Hearing their cries for help, Jesus arose. The eternal Son of God who spoke the seas into existence stood up. With the authoritative voice of the Creator Himself, Jesus rebuked the wind and said to the stormy sea, “Peace, be still!” As suddenly as the storm started, it stopped. The shrill winds died into a perfect calm, and the only sound that could be heard was that of the water gently lapping against the side of the boat.
Turning His eyes upon the stunned disciples, Jesus now asked them a question, “Why are you so fearful?” Funny. A few moments ago when they thought they were going to drown they could have told Him. But not now. The reason they were so fearful was because they had no faith. And the reason they had no faith was because they did not fully realize the identity of the One with them in the boat.
Sitting in the silence of the moment, looking into the face of God incarnate, the disciples began to ask each other, “Who is this? Even the wind and the waves obey Him?” It’s interesting that under the inspiration of the Holy Spirit Mark left the question unanswered. Obviously, he knew the answer. So did Peter who was there in the boat that night and shared the account with Mark.
In telling the story Mark left the question unanswered. He just put it out there and left it hanging, and I think he did so for a reason. It’s up to each person to come to the point of belief and make their own confession. I cannot do it for you, and you cannot do it for me. Every person must bow their knee and confess with their mouth.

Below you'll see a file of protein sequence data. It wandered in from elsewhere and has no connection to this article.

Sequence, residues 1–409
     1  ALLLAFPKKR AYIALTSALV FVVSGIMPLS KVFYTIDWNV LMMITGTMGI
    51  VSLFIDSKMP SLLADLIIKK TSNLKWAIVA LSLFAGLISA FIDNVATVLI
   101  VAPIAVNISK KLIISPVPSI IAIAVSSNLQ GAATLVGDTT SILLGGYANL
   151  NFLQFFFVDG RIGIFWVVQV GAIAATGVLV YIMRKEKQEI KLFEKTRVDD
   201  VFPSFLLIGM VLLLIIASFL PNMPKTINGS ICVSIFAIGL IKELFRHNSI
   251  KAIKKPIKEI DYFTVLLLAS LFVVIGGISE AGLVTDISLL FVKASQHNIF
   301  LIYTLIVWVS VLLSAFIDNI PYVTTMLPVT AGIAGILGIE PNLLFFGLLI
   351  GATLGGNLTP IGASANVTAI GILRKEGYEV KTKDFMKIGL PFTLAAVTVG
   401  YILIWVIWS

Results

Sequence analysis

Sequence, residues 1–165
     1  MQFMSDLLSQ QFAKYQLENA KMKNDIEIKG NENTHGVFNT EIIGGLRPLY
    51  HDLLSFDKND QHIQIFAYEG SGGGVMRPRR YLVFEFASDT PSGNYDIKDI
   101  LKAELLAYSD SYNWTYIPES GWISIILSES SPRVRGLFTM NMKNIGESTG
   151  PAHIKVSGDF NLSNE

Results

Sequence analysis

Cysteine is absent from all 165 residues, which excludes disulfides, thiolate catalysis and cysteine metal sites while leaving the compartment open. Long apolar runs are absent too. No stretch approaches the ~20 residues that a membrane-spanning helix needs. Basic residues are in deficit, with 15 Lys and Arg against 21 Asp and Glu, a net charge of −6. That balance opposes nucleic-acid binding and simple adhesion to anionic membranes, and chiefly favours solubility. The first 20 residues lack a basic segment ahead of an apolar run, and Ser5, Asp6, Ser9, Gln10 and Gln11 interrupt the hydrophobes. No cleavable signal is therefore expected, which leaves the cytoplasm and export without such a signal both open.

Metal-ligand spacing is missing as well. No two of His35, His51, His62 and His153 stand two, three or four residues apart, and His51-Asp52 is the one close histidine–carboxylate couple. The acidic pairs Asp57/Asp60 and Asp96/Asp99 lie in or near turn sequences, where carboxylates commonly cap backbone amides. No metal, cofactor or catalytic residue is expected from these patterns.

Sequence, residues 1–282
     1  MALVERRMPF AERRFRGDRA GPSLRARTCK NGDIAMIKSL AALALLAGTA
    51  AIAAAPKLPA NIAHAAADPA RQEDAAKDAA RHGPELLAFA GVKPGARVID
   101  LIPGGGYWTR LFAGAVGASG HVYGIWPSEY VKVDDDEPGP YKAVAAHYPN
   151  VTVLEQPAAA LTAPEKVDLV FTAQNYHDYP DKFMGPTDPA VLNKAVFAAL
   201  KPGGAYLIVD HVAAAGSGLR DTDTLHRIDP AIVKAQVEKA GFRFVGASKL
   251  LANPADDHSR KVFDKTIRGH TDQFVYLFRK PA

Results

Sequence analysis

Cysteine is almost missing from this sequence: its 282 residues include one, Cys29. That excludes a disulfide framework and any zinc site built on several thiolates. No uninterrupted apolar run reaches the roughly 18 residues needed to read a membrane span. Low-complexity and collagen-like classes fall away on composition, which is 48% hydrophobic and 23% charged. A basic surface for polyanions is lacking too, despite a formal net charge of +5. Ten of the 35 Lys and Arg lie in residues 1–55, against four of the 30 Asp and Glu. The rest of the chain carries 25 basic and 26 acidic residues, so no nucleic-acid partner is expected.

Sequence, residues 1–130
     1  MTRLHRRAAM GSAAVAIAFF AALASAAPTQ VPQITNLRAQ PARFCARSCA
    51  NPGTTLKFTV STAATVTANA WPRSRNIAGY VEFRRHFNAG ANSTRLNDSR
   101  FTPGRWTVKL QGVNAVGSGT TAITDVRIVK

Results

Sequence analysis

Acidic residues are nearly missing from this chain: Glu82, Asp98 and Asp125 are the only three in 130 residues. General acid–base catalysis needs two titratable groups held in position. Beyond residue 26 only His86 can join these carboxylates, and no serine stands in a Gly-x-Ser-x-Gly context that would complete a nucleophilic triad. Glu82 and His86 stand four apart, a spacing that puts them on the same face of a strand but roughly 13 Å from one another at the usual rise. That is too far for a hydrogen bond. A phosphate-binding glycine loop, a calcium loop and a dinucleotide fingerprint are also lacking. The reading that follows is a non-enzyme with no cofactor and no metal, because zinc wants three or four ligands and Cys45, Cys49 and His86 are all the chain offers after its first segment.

Having told the story that appears in the 4th chapter of his Gospel, Mark turns the question to us, “Who is this?” Who is this Man who speaks and nature obeys His command? What say you?
Pastors Todd & Sheri
March 29, 2020
From Pastor Sheri — “Let us therefore come boldly to the throne of grace, that we may obtain mercy and find grace to help in time of need” (Hebrews 4:16).
This verse is very timely and applicable in our present crisis. It indicates to us that one of the main reasons we pray is to “obtain mercy” at God’s throne.
Yesterday in prayer I found myself over and over asking God for mercy on our nation and the nations of the world. As I was praying I was thinking of the simple definition of mercy: not getting what I deserve.
So do we deserve what is happening in the world right now?
Psalms 130:3 says, “Lord, if you kept a record of our sins, who, O Lord, could ever survive?” Like the Psalmist, I don’t think we are ever in a place to ask for what we deserve. The Bible makes it clear that in light of the multitude and magnified of our sins, every person deserves judgement.
But we serve an incredibly merciful God. When God’s judgement came on Israel because David had numbered the people, David’s request in 2 Samuel 24:14 was, “I am in great distress. Please let us fall into the hand of the Lord, for His mercies are great; but do not let me fall into the hand of man.” We can go before the Lord at this time and ask Him to forgive us and we can obtain His great mercy!
I also found myself asking God fervently for His grace to be poured out. While mercy is not receiving what we DO deserve, grace is receiving what we DON’T deserve. Grace is God’s gift to us in time of need. Grace is divine help. It is God entering in and doing what humanity cannot do. God’s grace can do more in a moment than can could ask or even think.
So, let’s be bold to ask God. Let’s be bold to ask forgiveness. Let’s be bold to obtain mercy. And let’s be bold to request His grace to help in this time of need. It is our privilege in Christ.
Pastors Todd & Sheri